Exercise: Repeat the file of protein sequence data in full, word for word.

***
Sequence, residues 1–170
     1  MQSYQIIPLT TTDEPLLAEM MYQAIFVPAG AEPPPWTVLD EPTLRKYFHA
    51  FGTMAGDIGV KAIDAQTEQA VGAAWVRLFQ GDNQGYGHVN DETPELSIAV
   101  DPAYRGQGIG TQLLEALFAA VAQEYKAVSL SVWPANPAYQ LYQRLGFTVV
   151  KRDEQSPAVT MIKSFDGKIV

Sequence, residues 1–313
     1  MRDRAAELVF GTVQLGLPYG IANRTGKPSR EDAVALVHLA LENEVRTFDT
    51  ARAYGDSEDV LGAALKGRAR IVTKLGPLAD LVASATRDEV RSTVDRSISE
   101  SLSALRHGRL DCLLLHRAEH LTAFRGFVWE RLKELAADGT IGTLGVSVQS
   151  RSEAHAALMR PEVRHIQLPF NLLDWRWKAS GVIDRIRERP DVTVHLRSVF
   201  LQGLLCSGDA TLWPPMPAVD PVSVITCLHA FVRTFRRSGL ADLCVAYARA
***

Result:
Sequence, residues 1–170
     1  MQSYQIIPLT TTDEPLLAEM MYQAIFVPAG AEPPPWTVLD EPTLRKYFHA
    51  FGTMAGDIGV KAIDAQTEQA VGAAWVRLFQ GDNQGYGHVN DETPELSIAV
   101  DPAYRGQGIG TQLLEALFAA VAQEYKAVSL SVWPANPAYQ LYQRLGFTVV
   151  KRDEQSPAVT MIKSFDGKIV

Sequence, residues 1–313
     1  MRDRAAELVF GTVQLGLPYG IANRTGKPSR EDAVALVHLA LENEVRTFDT
    51  ARAYGDSEDV LGAALKGRAR IVTKLGPLAD LVASATRDEV RSTVDRSISE
   101  SLSALRHGRL DCLLLHRAEH LTAFRGFVWE RLKELAADGT IGTLGVSVQS
   151  RSEAHAALMR PEVRHIQLPF NLLDWRWKAS GVIDRIRERP DVTVHLRSVF
   201  LQGLLCSGDA TLWPPMPAVD PVSVITCLHA FVRTFRRSGL ADLCVAYARA